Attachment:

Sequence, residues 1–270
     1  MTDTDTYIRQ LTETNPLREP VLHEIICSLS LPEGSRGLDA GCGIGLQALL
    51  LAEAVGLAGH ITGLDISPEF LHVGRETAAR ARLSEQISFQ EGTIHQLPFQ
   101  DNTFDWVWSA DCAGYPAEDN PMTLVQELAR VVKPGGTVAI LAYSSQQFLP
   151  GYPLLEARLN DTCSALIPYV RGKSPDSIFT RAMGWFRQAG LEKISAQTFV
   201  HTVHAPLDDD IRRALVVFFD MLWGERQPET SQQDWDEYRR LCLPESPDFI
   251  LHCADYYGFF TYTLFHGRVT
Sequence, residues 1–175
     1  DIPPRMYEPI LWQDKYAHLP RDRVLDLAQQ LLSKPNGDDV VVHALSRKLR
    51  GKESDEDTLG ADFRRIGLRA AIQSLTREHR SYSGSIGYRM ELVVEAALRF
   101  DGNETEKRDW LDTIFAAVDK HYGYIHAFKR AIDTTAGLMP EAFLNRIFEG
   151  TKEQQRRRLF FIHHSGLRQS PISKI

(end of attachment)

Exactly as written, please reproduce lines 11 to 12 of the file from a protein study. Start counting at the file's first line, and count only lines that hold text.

   101  DGNETEKRDW LDTIFAAVDK HYGYIHAFKR AIDTTAGLMP EAFLNRIFEG
   151  TKEQQRRRLF FIHHSGLRQS PISKI